If it can be acquired, however, then it cannot be our True Nature, since in order to be True it must have been True originally and always, and not dependent on changing causes and conditions. Nor can it be called “Self-Realization”, since again, strictly speaking, even “Self” (not to mention “self”) is ultimately recognized via True Inquiry as a fantasy of interpretation on perception, empty of any inherent and substantial Person or person. What is, simply is. The tongue goes silent.
The direct recognition of our Original Nature and Identity (“our face before our parents were born”) is the purpose of True Inquiry, though again, it is not a technique to be employed in the accomplishment of some change of state, transcendental ascension, or mystical elevation. I have briefly introduced the subject of True Inquiry here, and so the aim of this essay will be to elaborate a bit further on the topic, in hopes of clarifying its actual practice and application.
When thoughts arise, the ego-mind automatically claims ownership of them, creating the sense that “I think”, “I know”, “I desire”, “I am the doer”. In reality, this ego-mind is itself nothing but a thought, the “I” or root-thought, which cannot exist independently from the phenomena with which it is identified. It strings together all other thoughts, emotions, memory associations, and perceptions to create the illusion of a separate person, an enduring entity in the form of the body-mind-self. It is precisely this mis-identification which serves as the source of all complications, and so True Inquiry consists of seeing through and letting go of this mental fabrication first and foremost by undermining its energy at the root.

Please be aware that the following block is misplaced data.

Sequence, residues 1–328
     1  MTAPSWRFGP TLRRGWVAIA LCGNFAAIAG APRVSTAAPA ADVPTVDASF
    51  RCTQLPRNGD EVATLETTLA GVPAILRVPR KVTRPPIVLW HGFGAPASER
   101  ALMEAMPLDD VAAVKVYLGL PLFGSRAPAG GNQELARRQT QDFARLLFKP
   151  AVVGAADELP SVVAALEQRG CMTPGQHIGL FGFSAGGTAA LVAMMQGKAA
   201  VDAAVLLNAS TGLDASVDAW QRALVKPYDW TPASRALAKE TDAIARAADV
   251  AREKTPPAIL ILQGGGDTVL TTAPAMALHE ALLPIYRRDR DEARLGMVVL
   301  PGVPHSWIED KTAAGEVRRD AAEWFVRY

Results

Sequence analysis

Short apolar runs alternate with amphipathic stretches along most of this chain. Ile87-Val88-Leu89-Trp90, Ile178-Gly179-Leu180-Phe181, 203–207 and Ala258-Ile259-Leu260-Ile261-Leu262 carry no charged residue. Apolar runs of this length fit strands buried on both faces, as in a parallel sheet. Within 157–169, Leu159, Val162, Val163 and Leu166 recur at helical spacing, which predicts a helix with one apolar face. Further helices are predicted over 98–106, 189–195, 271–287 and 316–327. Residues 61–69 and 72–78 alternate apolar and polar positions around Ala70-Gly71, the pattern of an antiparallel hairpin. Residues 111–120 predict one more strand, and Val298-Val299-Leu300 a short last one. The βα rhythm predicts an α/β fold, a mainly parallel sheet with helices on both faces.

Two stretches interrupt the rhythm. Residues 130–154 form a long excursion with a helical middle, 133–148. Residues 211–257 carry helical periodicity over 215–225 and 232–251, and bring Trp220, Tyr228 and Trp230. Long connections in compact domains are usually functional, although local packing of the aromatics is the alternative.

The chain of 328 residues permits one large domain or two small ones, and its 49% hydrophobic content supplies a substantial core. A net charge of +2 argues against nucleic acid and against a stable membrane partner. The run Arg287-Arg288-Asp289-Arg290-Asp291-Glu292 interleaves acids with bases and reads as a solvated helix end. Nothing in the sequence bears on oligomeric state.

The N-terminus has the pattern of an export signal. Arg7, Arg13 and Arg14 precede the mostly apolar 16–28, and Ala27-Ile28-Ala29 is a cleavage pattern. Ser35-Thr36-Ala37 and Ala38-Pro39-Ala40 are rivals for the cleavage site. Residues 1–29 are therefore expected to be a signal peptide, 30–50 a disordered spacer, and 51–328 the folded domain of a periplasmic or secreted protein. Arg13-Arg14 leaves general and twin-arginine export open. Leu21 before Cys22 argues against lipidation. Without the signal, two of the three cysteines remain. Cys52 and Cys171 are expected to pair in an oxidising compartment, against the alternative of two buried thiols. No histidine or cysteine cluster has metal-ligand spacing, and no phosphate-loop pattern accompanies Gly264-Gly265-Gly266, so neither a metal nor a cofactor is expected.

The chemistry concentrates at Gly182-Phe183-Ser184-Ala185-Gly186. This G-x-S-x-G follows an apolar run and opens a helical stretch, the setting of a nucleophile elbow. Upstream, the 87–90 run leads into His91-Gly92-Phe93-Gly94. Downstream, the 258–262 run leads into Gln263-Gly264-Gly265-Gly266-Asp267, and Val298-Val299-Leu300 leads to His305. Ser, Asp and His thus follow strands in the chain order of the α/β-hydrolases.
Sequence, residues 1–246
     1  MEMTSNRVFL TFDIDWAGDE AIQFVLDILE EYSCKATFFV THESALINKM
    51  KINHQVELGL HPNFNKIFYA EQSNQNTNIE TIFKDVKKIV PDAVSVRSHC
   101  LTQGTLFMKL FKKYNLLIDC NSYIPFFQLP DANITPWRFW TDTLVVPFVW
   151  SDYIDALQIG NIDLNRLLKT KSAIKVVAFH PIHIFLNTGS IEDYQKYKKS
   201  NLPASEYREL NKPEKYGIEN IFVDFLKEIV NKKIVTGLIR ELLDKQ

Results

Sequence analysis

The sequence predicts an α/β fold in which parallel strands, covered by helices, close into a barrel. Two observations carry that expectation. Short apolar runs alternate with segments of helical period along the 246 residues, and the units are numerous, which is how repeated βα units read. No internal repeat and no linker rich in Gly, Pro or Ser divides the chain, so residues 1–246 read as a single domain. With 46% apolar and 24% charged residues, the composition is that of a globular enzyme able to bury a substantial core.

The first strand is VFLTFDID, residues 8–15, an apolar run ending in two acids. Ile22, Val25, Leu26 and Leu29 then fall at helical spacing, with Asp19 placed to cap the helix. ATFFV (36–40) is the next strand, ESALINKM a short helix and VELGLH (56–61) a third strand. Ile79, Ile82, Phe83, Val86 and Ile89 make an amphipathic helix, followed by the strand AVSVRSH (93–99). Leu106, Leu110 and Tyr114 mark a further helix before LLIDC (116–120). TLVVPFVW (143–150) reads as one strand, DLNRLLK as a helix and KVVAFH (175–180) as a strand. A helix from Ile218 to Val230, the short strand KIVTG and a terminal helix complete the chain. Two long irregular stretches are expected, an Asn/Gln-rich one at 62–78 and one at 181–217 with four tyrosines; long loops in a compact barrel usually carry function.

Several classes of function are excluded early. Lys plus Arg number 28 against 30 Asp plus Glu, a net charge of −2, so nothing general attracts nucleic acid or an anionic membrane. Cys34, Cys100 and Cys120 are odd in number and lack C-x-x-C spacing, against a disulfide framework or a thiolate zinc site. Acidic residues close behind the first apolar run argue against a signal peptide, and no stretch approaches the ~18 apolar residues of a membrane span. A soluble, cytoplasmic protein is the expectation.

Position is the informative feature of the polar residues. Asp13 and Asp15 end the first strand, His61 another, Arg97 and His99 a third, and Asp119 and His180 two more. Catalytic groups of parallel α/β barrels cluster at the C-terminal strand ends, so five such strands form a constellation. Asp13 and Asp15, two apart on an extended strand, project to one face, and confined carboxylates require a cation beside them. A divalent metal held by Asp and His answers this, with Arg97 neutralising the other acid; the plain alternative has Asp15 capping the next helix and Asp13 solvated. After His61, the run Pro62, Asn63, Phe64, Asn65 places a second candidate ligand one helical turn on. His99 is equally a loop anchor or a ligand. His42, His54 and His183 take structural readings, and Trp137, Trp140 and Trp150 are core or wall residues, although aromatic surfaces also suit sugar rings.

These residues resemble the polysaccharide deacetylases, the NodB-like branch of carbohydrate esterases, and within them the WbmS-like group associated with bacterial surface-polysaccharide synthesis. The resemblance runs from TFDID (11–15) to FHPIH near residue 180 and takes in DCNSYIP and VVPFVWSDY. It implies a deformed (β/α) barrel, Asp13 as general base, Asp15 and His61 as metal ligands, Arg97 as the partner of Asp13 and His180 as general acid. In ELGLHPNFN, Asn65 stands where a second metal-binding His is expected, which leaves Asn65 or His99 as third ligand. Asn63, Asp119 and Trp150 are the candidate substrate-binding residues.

Confusing the issue, most spiritual practices, traditional meditations, and various exoteric as well as esoteric methods are actually based on the presumption of the reality of the person — the seeker — who is undertaking these strategies (usually based on motives spawned from hope and fear). Such a presumption merely results in the reinforcement, confirmation, and validation of the “I”-thought, or ego-mind.
Such strategies may produce a variety of fascinating or blissful experiences, which nevertheless remain tethered to the sense of self. They can even serve to inflate that false identity-sense with the fictional narrative of a “someone” making progress, rising to a heavenly level of consciousness or triumphant personal illumination. Moreover, whatever original insight may have actually occurred invariably gets subsequently buried under an avalanche of conceptual fabrications and conditioned fantasies of interpretation.